<strong>WHAT IT MEANS:</strong> When food, however unappealing it is, is all you <a href="http://www.huffingtonpost.ca/2013/05/10/newfoundland-tourism-video-gutfoundered_n_3254578.html" target="_blank">crave at the end of the day. Or, you're just very hungry.</a> <strong>IN A SENTENCE:</strong> “Your mind wanders when it’s gut-foundered. Is it going to be take-out? Is it going to be pizza?”

  • Shit-Kickers

    <strong>WHAT IT MEANS:</strong>Shit-Kickers are nicknames for cowboy boots. Hee Haw! <strong>IN A SENTENCE:</strong> "I can't go to the Calgary Stampede without my shit-kickers."

  • Kitty-Corner

    <strong>WHAT IT MEANS:</strong> Something that is in a diagonal direction from something else. <strong>IN A SENTENCE:</strong> "The grocery store is kitty-corner to the school."

  • Chinook

    <strong>WHAT IT MEANS:</strong> A warm wind that blows east over the Canadian Rockies, warming up Calgary in the winter. <strong>IN A SENTENCE:</strong> "This chinook is giving me a headache."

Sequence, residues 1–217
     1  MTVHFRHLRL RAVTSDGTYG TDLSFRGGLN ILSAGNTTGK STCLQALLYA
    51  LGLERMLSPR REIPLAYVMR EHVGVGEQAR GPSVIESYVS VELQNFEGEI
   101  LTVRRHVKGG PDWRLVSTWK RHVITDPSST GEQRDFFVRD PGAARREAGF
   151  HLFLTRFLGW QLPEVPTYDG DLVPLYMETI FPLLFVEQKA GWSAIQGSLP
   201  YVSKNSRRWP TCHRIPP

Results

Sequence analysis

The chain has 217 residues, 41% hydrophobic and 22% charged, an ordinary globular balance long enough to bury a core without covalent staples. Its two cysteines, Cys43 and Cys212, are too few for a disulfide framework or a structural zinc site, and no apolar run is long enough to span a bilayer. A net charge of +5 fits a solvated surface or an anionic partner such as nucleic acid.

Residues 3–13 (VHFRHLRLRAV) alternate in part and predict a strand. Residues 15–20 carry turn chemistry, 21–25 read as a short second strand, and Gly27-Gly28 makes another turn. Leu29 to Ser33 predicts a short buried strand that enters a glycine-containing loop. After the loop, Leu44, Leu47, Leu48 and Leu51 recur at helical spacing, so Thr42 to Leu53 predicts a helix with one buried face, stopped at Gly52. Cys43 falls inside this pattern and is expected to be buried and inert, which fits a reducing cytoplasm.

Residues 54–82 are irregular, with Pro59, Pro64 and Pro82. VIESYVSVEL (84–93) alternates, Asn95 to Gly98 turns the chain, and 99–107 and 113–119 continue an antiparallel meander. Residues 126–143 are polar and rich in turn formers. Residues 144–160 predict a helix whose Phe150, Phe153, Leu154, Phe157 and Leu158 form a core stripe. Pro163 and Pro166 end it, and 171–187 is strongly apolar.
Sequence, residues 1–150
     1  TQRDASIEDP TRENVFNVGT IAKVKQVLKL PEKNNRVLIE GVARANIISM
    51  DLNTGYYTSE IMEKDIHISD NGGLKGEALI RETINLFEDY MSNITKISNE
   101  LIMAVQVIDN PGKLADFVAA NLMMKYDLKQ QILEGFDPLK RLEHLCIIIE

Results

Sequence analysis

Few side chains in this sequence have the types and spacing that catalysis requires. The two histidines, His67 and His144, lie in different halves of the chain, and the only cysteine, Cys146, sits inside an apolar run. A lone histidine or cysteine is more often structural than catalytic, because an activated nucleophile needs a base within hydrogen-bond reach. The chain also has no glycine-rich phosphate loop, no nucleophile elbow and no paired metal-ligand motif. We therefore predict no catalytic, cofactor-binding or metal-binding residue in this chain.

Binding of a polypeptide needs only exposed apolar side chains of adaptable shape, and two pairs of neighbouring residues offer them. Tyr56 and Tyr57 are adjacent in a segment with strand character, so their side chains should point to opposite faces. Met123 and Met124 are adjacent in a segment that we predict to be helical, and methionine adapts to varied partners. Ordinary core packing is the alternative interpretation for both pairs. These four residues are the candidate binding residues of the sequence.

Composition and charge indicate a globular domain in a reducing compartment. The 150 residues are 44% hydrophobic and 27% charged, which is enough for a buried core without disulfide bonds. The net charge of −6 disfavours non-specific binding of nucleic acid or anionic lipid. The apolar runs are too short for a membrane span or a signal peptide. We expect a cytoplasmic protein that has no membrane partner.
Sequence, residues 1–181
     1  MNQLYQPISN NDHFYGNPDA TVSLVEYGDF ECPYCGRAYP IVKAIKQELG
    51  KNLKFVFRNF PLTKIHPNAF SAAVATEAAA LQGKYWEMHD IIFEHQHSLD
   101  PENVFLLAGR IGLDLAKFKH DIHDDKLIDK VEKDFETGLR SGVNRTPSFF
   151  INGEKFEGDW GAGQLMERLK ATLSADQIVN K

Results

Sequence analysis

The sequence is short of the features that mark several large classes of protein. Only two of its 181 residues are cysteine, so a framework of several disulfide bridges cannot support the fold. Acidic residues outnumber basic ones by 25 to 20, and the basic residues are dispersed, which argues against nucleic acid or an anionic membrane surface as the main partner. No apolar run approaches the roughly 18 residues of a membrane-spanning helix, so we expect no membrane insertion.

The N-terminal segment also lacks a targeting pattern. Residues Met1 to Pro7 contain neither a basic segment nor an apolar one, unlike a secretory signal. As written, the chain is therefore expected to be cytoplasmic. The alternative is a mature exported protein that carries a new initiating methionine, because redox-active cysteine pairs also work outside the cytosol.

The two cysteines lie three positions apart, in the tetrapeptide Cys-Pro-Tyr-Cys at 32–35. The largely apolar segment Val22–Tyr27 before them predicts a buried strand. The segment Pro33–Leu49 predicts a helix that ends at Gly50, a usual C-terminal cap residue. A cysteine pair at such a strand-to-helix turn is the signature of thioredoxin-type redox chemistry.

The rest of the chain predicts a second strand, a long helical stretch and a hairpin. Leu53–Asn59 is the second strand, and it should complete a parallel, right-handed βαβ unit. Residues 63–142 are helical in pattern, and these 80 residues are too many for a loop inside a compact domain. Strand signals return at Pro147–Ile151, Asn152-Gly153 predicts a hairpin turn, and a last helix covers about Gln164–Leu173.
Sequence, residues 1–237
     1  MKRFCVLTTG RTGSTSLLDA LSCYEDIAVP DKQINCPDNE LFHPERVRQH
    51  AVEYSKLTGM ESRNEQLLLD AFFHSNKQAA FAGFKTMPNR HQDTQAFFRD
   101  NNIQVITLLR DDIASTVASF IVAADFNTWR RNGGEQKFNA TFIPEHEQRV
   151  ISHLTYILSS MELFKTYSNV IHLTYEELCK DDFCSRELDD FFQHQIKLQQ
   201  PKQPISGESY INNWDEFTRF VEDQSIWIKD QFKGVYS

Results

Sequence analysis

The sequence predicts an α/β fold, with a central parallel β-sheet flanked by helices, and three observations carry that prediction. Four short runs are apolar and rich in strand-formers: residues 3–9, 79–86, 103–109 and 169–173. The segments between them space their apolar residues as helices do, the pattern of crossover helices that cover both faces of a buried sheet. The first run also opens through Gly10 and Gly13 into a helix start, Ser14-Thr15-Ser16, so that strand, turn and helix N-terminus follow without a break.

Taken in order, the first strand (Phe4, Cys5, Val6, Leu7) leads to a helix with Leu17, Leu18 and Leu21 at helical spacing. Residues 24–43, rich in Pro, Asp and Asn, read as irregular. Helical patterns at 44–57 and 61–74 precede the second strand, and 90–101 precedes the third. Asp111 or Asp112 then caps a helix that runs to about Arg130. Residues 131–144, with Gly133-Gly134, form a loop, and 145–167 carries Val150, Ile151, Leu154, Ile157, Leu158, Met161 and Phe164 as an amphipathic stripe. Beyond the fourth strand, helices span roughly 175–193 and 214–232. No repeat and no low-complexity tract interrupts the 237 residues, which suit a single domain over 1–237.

• Darts

    <strong>WHAT IT MEANS:</strong> A slang term for cigarettes <strong>IN A SENTENCE:</strong> "Get your darts out."

  • Stagette

    <strong>WHAT IT MEANS:</strong> Stagette is another name for bachelorette party. <strong>IN A SENTENCE:</strong> "Are you heading out to that stagette this weekend? There's going to be a stripper."

  • Cowtown

    <strong>WHAT IT MEANS:</strong> Cowtown is a nickname for Calgary. <strong>IN A SENTENCE:</strong> "I've been living in Cowtown my entire life."

  • Gitch/Gotch

    <strong>WHAT IT MEANS:</strong> Another name for underwear used mainly in Saskatchewan and Manitoba and often referring to men's or boys' briefs. A gotch refers to women's underwear. <strong>IN A SENTENCE:</strong> "Pull your pants up, I can see your gitch."

  • Bedlamer

    <strong>WHAT IT MEANS:</strong> According to the Dictionary of Newfoundland, a bedlamer is a <a href="http://www.heritage.nf.ca/dictionary/azindex/pages/291.html" target="_blank">seal that is not yet mature.</a> <strong>IN A SENTENCE:</strong> "This harp seal is giving me a hard time, it's such a bedlamer."

  • Toque

    <strong>WHAT IT MEANS:</strong> A toque is a hat most people wear during winter months. And sometimes, you will see this hat reappear in the summer. <strong>IN A SENTENCE:</strong> "Listen son, don't go out into this weather without your toque."